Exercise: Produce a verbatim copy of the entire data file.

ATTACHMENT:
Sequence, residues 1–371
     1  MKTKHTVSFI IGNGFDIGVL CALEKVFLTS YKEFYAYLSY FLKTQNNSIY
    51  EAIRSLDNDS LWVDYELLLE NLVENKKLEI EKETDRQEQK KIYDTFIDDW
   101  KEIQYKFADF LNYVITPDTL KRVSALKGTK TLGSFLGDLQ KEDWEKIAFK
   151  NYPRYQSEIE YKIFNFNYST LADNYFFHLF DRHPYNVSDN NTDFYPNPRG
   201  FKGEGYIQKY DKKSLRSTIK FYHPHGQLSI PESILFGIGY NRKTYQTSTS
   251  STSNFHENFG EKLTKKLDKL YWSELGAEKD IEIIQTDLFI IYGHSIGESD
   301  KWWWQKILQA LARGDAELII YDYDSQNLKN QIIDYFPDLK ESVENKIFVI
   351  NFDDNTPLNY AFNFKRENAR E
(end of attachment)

Sequence, residues 1–371
     1  MKTKHTVSFI IGNGFDIGVL CALEKVFLTS YKEFYAYLSY FLKTQNNSIY
    51  EAIRSLDNDS LWVDYELLLE NLVENKKLEI EKETDRQEQK KIYDTFIDDW
   101  KEIQYKFADF LNYVITPDTL KRVSALKGTK TLGSFLGDLQ KEDWEKIAFK
   151  NYPRYQSEIE YKIFNFNYST LADNYFFHLF DRHPYNVSDN NTDFYPNPRG
   201  FKGEGYIQKY DKKSLRSTIK FYHPHGQLSI PESILFGIGY NRKTYQTSTS
   251  STSNFHENFG EKLTKKLDKL YWSELGAEKD IEIIQTDLFI IYGHSIGESD
   301  KWWWQKILQA LARGDAELII YDYDSQNLKN QIIDYFPDLK ESVENKIFVI
   351  NFDDNTPLNY AFNFKRENAR E